Hi everyone,

I’m back again and dedicated to the proposition of helping people have better relationships! Thanks for checking in here, and I truly hope you will take part in the conversations here — what do YOU want to know? What do YOU want US to know?

One thing I want to know is … obviously I am a therapist, and also I am single. I can’t tell you how many people tell me, once they learn what I do, that they would never date a therapist!! I want to know why that would be? What would be the pros and cons? Does it really matter?

My attitude about being a therapist when it comes to my private life is, I would never try to fix anyone or offer advice unless I was asked to. I would think that presumptuous of me. I much prefer putting my friendship hat on and just listening, commenting, and hopefully, laughing. Still, what fascinates me is how many tell me they would never even give me or any other therapist that much of a chance for fear that I am sitting around analyzing them, and they don’t want that. Perhaps people also would be fearful of dating a psychic??

Are there any other professions you would steer clear of?? Please enlighten me …

Hello everyone!!

Welcome to 2008. I am wondering, what are your new Year’s Resolutions … and how are they going?

As for me, I don’t make them. For me, it works better to strive every day to be the best I can be, and if I fall backwards, I just get up and l take a step forward again. I definitely would never say, “Well, it’s February and I haven’t worked on that goal to lose weight, so now I’ll blow it off until next January.” It doesn’t matter what day or time of the year it is, I’m always going to strive to be physically, spiritually, and mentally healthy.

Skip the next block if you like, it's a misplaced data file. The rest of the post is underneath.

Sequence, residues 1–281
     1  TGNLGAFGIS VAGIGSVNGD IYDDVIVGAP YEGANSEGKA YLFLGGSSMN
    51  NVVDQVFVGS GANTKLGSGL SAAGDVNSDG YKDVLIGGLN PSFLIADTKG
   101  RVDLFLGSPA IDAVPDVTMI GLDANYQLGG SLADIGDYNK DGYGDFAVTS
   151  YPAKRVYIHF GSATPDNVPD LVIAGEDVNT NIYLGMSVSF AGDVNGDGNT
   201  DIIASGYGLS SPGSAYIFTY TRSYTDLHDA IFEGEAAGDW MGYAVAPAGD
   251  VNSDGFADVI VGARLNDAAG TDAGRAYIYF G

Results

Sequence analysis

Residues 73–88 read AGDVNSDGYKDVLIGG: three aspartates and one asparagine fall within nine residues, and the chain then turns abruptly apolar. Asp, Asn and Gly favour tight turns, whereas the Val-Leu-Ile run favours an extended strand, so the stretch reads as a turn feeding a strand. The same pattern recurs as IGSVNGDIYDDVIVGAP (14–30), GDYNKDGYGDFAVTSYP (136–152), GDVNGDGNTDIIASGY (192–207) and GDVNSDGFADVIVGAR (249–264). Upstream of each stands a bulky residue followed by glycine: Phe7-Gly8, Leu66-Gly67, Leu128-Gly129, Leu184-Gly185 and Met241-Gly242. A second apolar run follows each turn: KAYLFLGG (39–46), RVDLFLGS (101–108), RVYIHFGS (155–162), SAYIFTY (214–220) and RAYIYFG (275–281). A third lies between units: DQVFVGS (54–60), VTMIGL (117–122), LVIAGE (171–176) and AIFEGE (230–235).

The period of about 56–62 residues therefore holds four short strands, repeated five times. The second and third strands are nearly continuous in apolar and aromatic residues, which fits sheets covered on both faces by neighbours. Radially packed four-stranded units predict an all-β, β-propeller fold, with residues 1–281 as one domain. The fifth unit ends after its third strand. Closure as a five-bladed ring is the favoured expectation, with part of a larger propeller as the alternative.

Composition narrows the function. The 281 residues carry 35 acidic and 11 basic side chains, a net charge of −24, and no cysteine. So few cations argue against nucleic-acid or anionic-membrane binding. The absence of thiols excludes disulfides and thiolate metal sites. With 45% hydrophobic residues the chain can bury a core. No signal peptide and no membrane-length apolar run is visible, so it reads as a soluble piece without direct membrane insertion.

I do use the new year to reflect on and take stock of goals, however. I may make a list of professional goals, personal goals (get out more — meet more people!). I just set my intention to do work toward whatever it is, and then I do it. To me, part of healthy mental health involves self monitoring about what is working and isn’t working in my life, and making adjustments. If I’m tired, I pull back on unnecessary things I’ve taken on and exercise more so I’ll feel more invigorated. If I’m feeling stressed, I may add a daily meditation to my routine rather than doing it only every week or so.

I look forward to reading what you have to say about how you manage your own life, goals, and health.

The Difference Between Heartache and Heartbreak
by Becky Whetstone, Ph.D.

We all hate being dumped by a romantic interest, and the reason we hate it is that there is pain involved, at least for awhile.

Years ago I noted that some periods of grief I experienced after a relationship ended lasted only a month or two, while other times it lasted six months, a year, or more. One thing that was always true, however, was that during the time I was grieving I thought a great remedy would be to meet someone else, but would always find that I was totally worthless when it came to connecting with potential partners, no matter how promising the person wooing me was. In the end, I came to understand that I had no business going out with anyone while in such a state.

So, in January 1997 I was trying to grasp and understand all of this, and decided to interview an expert who understood the process, Michael Berler, Ph.D., a San Antonio psychologist. Looking back, what Berler said still has great value.